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POP IS CHANGING.
AND MICA LEVI IS HELPING IT GROW. A musical prodigy at 22, Mica Levi studied composition at the Guildhall School of Music and Drama and even composed a piece for the London Philharmonic. As the central songwriter of Micachu and the Shapes, she’s also one of the freshest and most innovative voices in underground music. Her music embodies elements of dozens of various styles, from the experimental to the accessible. Naturally she’s picked up dozens of different tags, but she herself claims something far simpler: “It’s pop music, definitely.” says Mica, although deconstructed pop music might be more accurate. For live shows, Mica is joined on stage by Raisa Khan on keys and electronics and Marc on drums. Using guitars with no effects aside from distortion, drums without toms, synths and one keyboard, they simplify the sound by limiting the instruments. Mica is fond of making her own sounds as well; on her debut Jewellry broken bottles add an emphasis on percussion, and a vacuum cleaner is used as a voice modulation tool. Most notable however is the instrument she invented and named after herself, the Chu. Responsible for a good chunk of the strummy, discordant guitar sound that characterizes the group’s instrumentals, the Chu is a small guitar with an added bass string and a broad pedal for one of the strings that allows her to greatly shift the pitch. Micachu is one of those bands that will instantly become “your band”. The kind you hear and you know that this will become one of your favorite groups, with music that you truly identify with. There is no pretence, no artily created nothings; they tell no lies. Their music is not about the future, it’s not about the past, it’s about the moment we are in. Beyond their musical merits, that’s the beauty of this band: the celebration of here and now.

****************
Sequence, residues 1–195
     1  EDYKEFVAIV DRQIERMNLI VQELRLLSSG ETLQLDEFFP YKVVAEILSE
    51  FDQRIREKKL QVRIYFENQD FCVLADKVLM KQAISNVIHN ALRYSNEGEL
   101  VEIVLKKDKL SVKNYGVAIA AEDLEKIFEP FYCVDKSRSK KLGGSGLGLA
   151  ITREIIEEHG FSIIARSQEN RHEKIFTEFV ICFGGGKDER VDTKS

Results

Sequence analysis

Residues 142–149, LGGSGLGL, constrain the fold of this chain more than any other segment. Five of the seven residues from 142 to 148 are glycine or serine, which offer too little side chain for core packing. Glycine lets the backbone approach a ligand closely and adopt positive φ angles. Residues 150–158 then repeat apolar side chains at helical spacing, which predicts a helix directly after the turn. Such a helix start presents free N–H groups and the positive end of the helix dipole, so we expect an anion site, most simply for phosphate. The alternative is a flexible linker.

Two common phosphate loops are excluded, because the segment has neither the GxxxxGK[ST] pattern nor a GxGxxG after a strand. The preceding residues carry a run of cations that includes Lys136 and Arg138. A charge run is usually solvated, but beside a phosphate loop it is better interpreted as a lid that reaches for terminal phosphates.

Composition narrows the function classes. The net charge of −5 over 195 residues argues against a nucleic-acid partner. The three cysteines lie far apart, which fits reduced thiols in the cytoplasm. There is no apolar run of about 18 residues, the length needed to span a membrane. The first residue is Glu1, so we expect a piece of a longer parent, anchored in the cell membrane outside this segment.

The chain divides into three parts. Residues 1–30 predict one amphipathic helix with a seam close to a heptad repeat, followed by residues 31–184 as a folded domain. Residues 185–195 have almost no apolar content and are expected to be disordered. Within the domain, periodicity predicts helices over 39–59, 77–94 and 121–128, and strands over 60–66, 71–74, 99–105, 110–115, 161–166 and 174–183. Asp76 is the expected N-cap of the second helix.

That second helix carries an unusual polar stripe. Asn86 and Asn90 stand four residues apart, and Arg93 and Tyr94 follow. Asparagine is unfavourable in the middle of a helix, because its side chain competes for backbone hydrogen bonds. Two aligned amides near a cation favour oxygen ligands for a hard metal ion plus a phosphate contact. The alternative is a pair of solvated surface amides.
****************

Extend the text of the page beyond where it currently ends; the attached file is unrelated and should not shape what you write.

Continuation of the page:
PREACHER & THE KNIFE
excepter: a six-person psychedelic/noise/improv group from Brooklyn. Their music is the equivalent of taking Auyasca in some machine graveyard for monstrous, droning electronics. We cornered John Fell Ryan, his wife/bandmate LaLa and their baby son in Union Square and demanded more information.
John: I started making music by myself, and then started DJing with Dan Hougland, we were DJing a weekly gig, spinning house, rock, disco, whatever, and we started replacing our records with human beings. If someone actually came to our shows, they would end up in the band. I don’t think there was a preconceived goal, other than to make music. Making music with electronics was a goal, maybe. And multiple layers of vocals. Vocals are a big part of Excepter. The first record, the first couple songs are basically a capella.
LaLa: I’m a classically trained musician, and I was doing my own weird trio band. It just seemed logical to join Excepter. I didn’t join right away, there’s an initiation period. As someone who’s not going to be playing an electronic instrument, and is going to be interpreting the music in other ways, it’s really intimidating. The first time I played with them, I waited until the middle, then I jumped onstage with my bass clarinet, and I played for like forty-five minutes, and then I just left the stage. Now I’m more comfortable, and I think that’s a big part of the band, to just stand there and let the audience vibe out and let your bandmates make music, and just listen to what they’re doing and try to collaborate with them.
DRACULA TOURS. SUMMER VAMPIRE VACATION TO TRANSYLVANIAJULY 9-16 BRING YOUR RAY-BANS.
TEL: (203) 795-4737 HTTP://WWW.DRACTOURS.COM
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